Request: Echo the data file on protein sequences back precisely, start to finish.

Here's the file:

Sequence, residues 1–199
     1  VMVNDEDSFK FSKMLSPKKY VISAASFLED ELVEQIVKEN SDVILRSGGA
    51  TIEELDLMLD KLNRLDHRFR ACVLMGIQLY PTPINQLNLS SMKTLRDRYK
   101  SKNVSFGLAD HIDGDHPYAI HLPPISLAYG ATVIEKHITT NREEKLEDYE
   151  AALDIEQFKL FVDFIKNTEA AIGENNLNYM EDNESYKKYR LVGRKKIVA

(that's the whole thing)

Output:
Sequence, residues 1–199
     1  VMVNDEDSFK FSKMLSPKKY VISAASFLED ELVEQIVKEN SDVILRSGGA
    51  TIEELDLMLD KLNRLDHRFR ACVLMGIQLY PTPINQLNLS SMKTLRDRYK
   101  SKNVSFGLAD HIDGDHPYAI HLPPISLAYG ATVIEKHITT NREEKLEDYE
   151  AALDIEQFKL FVDFIKNTEA AIGENNLNYM EDNESYKKYR LVGRKKIVA